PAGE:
Before signing off, as a photographer, I want to mention a book I just finished reading, Hold Still, by the award winning photographer and writer Sally Mann.  I wasn't sure I would like it, but it was recommended by Jennifer Reis, an artist friend who somehow manages to read, read, read. I was amazed by the way the photos and words were so naturally interwoven, and how straight forward and strong she is in her writing.  I am not necessarily a fan of her work, but I found the shaping of the story so very compelling.  And the cover is fantastic: 

I am grateful for bits of beauty here and there throughout the year.

Sunday, October 11, 2015

my unexpected Appalachia

post #252
from this afternoon, at the pond, unexpectedly

      On the way home from town last week, I had another unexpected sight. If I had not had my camera with me in the car.... and if there were not a spot to pull over, complete with a white bovine, who can show up the colors on her hide.... To me, such moments are always gifts.  Here are six shots, shown in consecutive order.  Had I been at my house, which is in a hollow, I would not have even seen this, or known to go seek it out.

      The next morning, there was fog, and visitors, and, yes, the leaves are beginning to change.

     Happy change of seasons to all, and good luck with non-seasonally connected changes as well  -- and with whatever unexpected comes your way.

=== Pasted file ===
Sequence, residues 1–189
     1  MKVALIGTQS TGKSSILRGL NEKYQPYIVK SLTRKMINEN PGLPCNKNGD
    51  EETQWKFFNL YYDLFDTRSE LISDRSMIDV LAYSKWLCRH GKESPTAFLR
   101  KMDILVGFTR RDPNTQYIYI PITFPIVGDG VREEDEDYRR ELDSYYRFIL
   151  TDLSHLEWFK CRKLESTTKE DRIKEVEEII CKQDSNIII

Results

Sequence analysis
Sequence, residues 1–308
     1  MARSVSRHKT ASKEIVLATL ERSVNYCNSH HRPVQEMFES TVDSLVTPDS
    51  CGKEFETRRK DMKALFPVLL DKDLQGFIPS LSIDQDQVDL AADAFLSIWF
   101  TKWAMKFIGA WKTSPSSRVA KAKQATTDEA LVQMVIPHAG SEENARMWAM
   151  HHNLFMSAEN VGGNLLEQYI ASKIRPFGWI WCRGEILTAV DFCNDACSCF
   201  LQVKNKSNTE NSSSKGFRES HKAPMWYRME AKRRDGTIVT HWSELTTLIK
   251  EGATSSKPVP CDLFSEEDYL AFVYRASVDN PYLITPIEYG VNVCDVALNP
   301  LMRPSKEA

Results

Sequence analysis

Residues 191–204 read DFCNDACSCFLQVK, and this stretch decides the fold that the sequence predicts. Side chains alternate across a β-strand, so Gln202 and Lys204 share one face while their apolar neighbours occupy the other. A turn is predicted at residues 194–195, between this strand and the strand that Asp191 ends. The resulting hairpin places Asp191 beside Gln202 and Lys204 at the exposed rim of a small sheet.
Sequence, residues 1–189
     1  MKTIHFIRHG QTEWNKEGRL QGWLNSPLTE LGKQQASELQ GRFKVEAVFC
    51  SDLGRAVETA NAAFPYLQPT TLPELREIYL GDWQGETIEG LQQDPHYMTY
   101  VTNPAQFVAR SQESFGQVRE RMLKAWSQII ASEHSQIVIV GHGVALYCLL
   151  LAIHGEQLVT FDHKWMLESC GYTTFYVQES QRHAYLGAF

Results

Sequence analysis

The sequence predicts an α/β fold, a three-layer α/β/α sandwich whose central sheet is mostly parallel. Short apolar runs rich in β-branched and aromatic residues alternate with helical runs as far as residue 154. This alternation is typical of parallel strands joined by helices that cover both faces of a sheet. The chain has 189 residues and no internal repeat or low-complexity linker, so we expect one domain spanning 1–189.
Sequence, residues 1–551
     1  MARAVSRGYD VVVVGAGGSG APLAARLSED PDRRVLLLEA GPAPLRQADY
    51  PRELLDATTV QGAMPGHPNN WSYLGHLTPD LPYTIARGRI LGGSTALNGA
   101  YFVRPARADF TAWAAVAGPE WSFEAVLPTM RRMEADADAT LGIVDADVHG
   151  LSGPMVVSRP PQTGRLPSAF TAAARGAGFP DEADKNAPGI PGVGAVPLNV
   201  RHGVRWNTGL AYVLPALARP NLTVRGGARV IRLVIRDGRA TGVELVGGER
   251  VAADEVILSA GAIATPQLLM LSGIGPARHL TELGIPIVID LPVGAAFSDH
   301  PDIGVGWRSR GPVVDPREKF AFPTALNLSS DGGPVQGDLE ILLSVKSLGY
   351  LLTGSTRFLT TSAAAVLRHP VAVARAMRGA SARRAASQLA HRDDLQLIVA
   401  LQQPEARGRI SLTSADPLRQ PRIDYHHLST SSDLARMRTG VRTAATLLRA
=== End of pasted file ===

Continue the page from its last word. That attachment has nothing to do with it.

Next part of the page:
Saturday, October 3, 2015

late summer, hanging out with a leaf, and more pump views

post #251

      Greetings this Saturday night from our goldenrod patch. This summer, the mowing around here has been cut back, so to speak, and wonders have emerged.  One person's weeds and allergy prompts can be seen as lovely by gardners in other places.  It all depends on one's inclination, I guess, and on where a person lives.  Also, I read that ragweed, which blooms at the same time, is most likely the allergy source. Note: goldenrod is the Kentucky State Flower, which is nothing to sneeze at!!
       My neighbor, Bonnie, however, always has a "real garden", and I went over one evening to take a few photos for her.  I love, love, love what happens over there.

       Up by the mailbox, I became interested in the the round hole in the porch wall of this empty building, looking through to the beyond.  It was sprinkling that day, so I didn't get totally carried away.  Even so, two felines appeared, unbidden, and I did what I could with the time I had. Had I moved to go change my lens, they would have been gone.

    Walking back down to my house, I had a chance to take this view, which I often show in the deep autumn's beauty.  Here is just late summer, but there has been a yellow leaf. Hanging. By a thread. For days.  Find it in the following photos....

        I say thanks to Melva and Steve for the two pump comments from last week, so here are some additional views, labeled C, D, and E.  I rarely pose anything that I take. I like the challenge of seeing it as is, if the light will work with me.


        NEW INFORMATION, 10/5/15: My college roommate freshman year became a scholar of ancient Chinese history, and she shared with me that "the shape of the wooden piece is that of the tops of ancient chinese wells, and of the [written] character for well."  Thanks, Meg!  I think that it just happens to look that way by chance, since this is an improvised pump repair by Frank.....  It's always refreshing to learn something new from something that is simply worn out.